first_imgIllustration by Wade Mickley.Should hikers and hunters share the same trails?Yes: 48%As a hiker, I’d rather have year-round access to the trails, hiking in bright orange, than be forced to stay away for lack of a weapon and permit.—Reed Leonard, Auburn, Ga.Shooting or hunting directly from the trail should be discouraged. However, making it illegal to hunt from a trail isn’t going to make hiking or biking in hunter-filled woods any safer.Educating hunters and other trail users is the best compromise. Hunters need to be sure of their shots, and everything that is beyond their targets. Other people using the woods during hunting season need to wear blaze orange and take responsibility for being seen.And we shouldn’t forget: hunters pay fees which help support the wild areas we all enjoy. There’s room out there for all of us. Let’s share.—Charles Garratt, Warm Springs, Va.I hike, bike, trail run, fish, and hunt. If not for hunters and fishermen, we would not have the amount of protected lands that we have today. Hunters are hikers, too.—Lee, Madison, Ind.No: 52%Why do hunters get priority over all other user groups for several months each year? Hikers pay recreation fees, too. While it’s true that we don’t pay for permits, we also don’t kill the wildlife or litter the forest with bullets and shells. Hikers and bikers do most of the trail maintenance on our public lands, too. We have just as much right to hike them—even during hunting season. Hikers bring tourism, trail crews, forest health, and long-term forest protection; hunters scare people away, kill wildlife, leave lead shells all over the forest, and give nothing back except their permit fees.—Mike Honeycutt, Atlanta, Ga.There is too much room for error. Runners, hikers, and bikers will just scare away whatever the hunters are hunting, and they may be mistaken for a deer or other wildlife. It’s too much of a safety issue.—Sal Coll, Dayton, Tenn.It may be rare for a non-hunter to be injured, but I like “never” better. Also, I shouldn’t have to wear bright colors to protect myself. When hiking I like to blend into the natural world sometimes. We all need to know the rules and regulations and behave in a responsible manner, on trail and off.—Gina, Henrico, Va.I think it is too dangerous for hikers and hunters to share the same areas at the same times. I do think hunters should have access to the backcountry, just not at the same time as hikers.—Susan Oehler, Washington, D.C.last_img read more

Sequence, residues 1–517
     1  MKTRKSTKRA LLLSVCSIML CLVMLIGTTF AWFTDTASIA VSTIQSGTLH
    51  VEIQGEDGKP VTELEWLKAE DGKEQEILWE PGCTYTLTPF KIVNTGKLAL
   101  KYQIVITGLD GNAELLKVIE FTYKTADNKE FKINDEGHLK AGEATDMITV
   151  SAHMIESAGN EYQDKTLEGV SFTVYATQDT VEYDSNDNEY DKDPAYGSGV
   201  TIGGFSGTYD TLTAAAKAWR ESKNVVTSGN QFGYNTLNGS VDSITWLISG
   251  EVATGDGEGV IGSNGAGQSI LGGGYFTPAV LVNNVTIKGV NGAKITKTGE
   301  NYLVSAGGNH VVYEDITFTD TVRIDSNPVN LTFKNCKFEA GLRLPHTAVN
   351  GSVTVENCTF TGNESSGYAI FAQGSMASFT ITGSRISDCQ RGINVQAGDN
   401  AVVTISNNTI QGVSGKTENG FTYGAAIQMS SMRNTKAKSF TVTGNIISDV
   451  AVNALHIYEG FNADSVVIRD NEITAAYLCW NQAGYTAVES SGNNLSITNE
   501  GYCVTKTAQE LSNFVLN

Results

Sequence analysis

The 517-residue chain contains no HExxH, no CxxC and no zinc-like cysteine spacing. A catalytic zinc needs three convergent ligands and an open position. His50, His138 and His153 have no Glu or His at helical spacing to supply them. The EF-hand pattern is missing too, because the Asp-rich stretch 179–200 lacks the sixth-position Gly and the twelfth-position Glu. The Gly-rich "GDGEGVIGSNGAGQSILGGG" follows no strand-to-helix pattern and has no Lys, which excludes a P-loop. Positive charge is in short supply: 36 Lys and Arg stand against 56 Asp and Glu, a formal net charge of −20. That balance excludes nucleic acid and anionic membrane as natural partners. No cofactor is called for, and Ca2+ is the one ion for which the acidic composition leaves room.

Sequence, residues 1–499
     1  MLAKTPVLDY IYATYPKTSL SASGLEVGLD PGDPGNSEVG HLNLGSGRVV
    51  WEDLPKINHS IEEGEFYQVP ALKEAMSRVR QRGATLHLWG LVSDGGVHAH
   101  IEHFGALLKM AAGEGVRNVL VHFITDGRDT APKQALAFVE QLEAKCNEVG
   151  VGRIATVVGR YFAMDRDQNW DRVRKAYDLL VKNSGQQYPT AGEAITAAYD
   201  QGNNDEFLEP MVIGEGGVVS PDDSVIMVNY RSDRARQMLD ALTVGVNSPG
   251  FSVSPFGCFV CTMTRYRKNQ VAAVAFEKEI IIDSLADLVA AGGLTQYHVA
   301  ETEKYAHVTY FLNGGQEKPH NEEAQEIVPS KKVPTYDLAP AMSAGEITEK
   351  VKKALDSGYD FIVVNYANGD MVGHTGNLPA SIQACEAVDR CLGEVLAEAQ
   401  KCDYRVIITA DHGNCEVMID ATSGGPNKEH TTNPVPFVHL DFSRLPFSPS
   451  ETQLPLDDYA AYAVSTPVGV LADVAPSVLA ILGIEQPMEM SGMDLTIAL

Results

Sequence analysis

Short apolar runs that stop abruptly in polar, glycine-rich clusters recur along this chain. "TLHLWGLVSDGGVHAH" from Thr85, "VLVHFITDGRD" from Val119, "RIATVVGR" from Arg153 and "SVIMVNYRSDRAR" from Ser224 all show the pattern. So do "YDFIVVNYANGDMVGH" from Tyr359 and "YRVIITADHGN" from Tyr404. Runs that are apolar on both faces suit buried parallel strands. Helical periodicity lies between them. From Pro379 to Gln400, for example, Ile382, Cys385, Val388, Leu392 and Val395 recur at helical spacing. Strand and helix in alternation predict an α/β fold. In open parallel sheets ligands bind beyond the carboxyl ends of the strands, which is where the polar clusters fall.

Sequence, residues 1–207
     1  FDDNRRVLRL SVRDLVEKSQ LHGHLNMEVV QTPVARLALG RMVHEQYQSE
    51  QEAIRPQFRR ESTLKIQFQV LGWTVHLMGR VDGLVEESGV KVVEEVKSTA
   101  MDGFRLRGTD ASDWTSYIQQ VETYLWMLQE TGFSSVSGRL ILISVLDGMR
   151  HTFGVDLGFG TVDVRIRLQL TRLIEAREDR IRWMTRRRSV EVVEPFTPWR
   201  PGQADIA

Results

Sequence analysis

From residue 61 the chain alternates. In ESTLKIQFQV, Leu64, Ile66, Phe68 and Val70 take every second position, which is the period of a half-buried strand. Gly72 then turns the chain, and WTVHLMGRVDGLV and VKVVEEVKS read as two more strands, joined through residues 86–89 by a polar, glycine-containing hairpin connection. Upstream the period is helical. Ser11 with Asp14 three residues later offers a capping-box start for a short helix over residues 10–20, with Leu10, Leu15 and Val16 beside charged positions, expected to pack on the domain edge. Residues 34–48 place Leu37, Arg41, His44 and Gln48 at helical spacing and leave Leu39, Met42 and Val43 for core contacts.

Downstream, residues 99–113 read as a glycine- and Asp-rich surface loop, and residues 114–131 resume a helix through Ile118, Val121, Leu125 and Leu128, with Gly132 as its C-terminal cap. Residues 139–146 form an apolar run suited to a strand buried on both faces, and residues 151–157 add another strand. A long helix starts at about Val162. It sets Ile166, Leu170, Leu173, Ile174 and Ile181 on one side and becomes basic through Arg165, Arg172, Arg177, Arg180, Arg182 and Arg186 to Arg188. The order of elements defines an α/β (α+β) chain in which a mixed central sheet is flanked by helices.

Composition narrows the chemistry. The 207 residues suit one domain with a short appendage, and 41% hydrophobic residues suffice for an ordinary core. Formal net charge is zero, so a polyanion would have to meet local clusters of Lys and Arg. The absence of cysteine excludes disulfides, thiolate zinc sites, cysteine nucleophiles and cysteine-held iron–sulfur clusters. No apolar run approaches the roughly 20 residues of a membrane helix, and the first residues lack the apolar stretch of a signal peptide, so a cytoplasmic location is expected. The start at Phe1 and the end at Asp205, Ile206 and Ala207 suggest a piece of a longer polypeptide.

WHO team predicts novel H1N1 may spread like 20th century pandemics